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Lord Grabiner: My Lords, perhaps I may make one or two observations about the proposed amendment. The particular attraction about the provision as drafted is its simplicity. It is clearly drafted. It contains nice round figures that would constitute the penalty to be extracted from the offending employer. I suspect that one of the reasons for the simplicity is to encourage employers who are charged or accused of collusion to come to a deal--for want of a better word--pursuant to these provisions. These provisions are designed to achieve a voluntary deal on a civil basis without the need to invoke the criminal process.

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The first criticism I make of the proposal is that it simply introduces mathematical complication, albeit that the mathematical complication can be explained as it was by the noble Lord, Lord Higgins.

The second point is that the noble Lord need not be concerned that the underlying irritation that drives his amendment cannot already be dealt with under the existing common law. In the kind of fraud we are now discussing, if an employer knowingly participates in a benefit fraud which produces the result that money is stolen or has disappeared in an illegal way and it can be demonstrated that he has the appropriate guilty knowledge, he can be made personally liable as a constructive trustee in the civil courts. There the full extent of the loss sustained by the Exchequer can be recovered. Therefore, the imposition of the penalty, which as I understand it is the real driving force that sits behind the amendment, is not necessary because in a suitable case the DSS could bring proceedings against a colluding employer and recover that money in the civil courts. The proposed amendment therefore is not necessary.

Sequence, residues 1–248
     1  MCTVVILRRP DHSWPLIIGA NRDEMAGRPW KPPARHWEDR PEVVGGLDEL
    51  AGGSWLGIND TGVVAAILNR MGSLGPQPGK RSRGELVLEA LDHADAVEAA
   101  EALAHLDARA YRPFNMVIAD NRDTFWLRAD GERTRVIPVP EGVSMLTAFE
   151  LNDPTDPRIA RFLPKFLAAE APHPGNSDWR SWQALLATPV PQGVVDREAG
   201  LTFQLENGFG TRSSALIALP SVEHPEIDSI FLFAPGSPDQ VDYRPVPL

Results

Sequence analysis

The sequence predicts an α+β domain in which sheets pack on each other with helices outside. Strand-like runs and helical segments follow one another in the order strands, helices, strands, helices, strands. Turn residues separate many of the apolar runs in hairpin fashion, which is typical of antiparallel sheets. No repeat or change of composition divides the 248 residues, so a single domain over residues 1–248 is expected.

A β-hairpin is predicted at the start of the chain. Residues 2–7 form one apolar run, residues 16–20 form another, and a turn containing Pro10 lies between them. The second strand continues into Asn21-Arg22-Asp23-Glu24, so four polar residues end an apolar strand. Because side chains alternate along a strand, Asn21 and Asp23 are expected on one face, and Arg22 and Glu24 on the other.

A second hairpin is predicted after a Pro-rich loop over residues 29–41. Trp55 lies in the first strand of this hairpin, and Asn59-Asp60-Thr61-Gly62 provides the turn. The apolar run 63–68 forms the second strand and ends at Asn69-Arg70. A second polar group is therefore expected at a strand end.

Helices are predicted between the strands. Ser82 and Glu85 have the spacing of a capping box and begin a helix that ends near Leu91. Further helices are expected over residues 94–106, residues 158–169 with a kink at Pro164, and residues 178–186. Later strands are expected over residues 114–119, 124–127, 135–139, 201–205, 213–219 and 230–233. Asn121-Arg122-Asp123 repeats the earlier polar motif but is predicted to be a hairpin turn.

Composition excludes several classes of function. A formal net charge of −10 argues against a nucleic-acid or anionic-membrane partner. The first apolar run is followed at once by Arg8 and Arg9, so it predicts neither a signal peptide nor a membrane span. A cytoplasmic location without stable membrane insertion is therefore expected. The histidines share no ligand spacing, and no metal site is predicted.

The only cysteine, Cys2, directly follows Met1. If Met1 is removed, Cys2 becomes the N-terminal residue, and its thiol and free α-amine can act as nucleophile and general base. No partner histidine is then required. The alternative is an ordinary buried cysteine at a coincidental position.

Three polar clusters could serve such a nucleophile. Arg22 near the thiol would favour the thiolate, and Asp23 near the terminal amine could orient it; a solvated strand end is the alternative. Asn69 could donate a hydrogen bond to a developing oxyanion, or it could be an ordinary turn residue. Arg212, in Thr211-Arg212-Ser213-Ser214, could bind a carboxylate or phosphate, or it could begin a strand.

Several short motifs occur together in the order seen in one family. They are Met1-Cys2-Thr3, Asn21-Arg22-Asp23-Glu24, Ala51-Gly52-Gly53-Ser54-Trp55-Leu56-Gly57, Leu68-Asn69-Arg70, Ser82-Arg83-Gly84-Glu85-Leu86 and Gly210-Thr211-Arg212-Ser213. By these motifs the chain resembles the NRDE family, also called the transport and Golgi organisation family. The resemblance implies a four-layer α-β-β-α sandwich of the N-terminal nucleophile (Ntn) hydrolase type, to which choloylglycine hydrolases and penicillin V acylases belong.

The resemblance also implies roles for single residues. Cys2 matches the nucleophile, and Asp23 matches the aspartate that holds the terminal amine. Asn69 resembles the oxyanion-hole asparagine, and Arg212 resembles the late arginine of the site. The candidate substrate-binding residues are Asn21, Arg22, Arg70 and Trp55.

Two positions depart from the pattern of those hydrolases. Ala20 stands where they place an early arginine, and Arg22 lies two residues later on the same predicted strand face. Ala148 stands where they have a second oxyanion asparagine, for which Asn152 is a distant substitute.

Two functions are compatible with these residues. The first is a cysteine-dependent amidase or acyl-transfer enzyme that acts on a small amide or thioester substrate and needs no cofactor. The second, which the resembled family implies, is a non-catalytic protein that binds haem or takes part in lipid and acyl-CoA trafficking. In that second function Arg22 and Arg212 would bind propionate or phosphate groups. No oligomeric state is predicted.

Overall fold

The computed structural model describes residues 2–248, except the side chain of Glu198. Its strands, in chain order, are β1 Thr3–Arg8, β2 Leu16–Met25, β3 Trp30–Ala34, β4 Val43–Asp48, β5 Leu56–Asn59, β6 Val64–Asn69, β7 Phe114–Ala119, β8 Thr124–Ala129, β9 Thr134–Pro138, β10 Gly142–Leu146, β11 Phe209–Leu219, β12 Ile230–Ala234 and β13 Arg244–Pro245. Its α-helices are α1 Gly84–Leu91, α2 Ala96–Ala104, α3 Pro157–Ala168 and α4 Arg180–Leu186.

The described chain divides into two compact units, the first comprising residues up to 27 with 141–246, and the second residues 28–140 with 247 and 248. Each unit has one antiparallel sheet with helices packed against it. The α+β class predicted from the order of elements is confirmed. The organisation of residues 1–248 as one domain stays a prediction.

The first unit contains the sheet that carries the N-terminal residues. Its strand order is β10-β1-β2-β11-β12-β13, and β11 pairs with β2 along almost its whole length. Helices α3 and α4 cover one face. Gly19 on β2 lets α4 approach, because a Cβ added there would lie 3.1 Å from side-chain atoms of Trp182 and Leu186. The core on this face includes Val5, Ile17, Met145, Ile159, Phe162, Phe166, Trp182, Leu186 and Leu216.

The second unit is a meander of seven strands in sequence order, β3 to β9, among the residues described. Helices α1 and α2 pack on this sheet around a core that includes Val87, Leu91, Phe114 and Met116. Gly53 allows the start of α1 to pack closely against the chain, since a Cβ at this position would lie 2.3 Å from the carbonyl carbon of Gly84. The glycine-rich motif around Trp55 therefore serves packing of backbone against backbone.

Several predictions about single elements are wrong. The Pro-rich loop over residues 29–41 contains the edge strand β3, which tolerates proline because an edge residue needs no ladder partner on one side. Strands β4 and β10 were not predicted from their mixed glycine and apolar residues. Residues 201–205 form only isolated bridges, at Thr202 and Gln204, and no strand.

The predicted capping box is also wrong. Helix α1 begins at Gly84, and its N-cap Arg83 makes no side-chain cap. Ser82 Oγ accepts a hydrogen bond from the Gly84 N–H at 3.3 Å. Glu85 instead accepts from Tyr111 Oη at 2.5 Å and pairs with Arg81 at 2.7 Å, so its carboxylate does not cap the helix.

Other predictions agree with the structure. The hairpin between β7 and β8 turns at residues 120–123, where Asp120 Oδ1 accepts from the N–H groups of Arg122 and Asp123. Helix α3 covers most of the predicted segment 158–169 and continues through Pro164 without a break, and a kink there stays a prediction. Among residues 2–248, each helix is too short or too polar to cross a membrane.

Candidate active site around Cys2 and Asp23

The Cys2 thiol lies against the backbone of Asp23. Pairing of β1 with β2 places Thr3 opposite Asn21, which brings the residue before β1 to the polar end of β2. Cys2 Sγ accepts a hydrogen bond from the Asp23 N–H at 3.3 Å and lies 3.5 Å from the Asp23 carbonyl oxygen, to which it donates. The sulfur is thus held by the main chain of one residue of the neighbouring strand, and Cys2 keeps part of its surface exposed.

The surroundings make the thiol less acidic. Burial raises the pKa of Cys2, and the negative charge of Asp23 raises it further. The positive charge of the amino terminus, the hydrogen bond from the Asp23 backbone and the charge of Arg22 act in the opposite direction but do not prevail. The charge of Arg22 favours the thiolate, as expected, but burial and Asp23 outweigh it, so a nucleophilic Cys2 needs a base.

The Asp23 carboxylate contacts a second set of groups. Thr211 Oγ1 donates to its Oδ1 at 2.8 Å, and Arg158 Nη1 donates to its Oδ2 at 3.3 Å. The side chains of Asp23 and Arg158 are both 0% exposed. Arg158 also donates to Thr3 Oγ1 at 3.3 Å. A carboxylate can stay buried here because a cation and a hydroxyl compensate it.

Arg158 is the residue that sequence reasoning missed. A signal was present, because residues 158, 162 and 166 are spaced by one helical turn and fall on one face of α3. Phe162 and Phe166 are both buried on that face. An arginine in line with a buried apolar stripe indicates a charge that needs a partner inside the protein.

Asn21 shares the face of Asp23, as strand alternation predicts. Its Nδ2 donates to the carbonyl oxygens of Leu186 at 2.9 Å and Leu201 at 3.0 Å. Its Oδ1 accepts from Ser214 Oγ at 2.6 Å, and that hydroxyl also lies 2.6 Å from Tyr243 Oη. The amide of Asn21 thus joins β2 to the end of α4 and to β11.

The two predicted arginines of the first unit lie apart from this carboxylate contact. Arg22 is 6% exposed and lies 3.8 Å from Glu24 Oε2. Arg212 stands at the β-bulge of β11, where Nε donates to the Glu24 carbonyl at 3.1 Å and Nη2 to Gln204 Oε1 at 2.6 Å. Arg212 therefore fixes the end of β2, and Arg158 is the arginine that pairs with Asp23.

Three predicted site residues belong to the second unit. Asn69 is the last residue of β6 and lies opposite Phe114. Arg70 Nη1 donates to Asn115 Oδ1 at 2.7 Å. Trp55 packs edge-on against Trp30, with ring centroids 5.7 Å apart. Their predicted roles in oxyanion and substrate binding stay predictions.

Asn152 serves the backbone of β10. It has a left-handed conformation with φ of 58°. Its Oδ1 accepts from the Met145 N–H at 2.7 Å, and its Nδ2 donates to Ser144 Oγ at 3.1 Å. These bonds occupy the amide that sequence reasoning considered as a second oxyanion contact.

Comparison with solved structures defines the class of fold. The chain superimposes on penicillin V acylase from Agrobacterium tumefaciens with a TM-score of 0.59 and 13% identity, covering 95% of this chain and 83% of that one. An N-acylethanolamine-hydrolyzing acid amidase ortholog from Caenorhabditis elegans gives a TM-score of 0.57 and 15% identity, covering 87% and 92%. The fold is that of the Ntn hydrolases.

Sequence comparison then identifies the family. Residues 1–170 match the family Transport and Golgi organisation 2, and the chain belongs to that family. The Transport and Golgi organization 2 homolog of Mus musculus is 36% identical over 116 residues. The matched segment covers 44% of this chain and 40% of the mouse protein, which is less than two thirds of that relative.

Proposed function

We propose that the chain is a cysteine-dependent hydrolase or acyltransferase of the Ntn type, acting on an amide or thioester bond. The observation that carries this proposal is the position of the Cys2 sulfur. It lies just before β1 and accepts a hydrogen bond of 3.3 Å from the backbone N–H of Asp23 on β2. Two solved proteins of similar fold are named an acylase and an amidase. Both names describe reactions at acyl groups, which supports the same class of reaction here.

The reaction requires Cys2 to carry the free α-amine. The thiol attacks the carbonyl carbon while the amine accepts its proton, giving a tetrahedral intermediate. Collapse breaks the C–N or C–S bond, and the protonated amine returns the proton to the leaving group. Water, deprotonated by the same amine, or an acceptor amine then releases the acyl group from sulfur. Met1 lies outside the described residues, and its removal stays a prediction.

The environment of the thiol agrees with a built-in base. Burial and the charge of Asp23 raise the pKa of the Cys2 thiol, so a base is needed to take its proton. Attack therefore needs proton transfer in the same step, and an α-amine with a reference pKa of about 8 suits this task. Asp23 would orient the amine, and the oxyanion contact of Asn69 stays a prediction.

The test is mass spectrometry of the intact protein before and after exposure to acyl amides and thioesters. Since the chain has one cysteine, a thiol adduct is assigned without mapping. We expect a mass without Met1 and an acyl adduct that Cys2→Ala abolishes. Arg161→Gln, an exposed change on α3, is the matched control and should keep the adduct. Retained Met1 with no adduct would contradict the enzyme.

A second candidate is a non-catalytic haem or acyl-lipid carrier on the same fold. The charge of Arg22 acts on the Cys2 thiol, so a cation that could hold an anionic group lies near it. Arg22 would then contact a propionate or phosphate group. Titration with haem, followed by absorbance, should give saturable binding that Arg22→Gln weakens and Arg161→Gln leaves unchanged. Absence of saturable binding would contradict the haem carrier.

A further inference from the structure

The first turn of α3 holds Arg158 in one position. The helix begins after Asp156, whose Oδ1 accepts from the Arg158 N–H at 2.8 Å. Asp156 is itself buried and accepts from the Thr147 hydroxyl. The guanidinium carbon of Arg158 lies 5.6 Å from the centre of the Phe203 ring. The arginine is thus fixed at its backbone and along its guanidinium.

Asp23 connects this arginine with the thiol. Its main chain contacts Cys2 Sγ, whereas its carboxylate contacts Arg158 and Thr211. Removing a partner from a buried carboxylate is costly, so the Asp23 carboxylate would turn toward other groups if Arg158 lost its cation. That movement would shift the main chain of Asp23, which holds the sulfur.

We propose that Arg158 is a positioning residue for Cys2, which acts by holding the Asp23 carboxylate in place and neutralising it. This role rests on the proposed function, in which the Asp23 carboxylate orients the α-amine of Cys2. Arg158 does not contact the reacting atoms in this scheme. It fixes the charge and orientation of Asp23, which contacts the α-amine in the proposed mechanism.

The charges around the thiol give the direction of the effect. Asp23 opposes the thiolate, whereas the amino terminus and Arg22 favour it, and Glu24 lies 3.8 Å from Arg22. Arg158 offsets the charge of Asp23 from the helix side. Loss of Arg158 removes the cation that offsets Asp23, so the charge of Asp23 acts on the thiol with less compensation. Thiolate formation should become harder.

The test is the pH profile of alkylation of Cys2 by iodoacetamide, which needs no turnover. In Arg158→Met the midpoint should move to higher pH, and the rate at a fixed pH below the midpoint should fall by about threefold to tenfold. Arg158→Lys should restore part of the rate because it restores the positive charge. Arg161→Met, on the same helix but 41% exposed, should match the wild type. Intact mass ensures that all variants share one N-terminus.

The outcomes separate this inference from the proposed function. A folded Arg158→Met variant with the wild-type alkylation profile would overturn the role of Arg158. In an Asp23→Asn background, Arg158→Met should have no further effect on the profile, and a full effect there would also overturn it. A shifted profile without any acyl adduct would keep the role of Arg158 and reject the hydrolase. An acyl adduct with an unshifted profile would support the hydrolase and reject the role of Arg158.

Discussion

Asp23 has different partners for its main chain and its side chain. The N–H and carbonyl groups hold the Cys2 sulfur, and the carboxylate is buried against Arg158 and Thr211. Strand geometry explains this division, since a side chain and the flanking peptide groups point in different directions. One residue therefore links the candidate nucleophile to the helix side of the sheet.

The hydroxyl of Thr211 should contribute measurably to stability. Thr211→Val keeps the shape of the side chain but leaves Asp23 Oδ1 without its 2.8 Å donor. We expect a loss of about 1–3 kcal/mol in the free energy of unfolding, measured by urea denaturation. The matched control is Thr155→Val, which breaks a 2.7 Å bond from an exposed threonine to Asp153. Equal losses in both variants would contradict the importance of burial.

The third point is that the amendment unnecessarily introduces into the existing provision the additional concept of the benefit which was defrauded by each employee. At the moment, the provisions in Clause 14 do not require proof of fraud against an employee. It requires a colluding employer who has done one or other of the things identified in the provision. The introduction of the amendment would mean that proof of a fraud by each employee would be necessary in order to recover the 32 times figure. That is not currently required in order to operate Clause 14. The amendment adds an unnecessary complication. That goes back to my first point about simplicity. It would make it unmanageable and complex. I believe that the existing common law position protects the position adequately.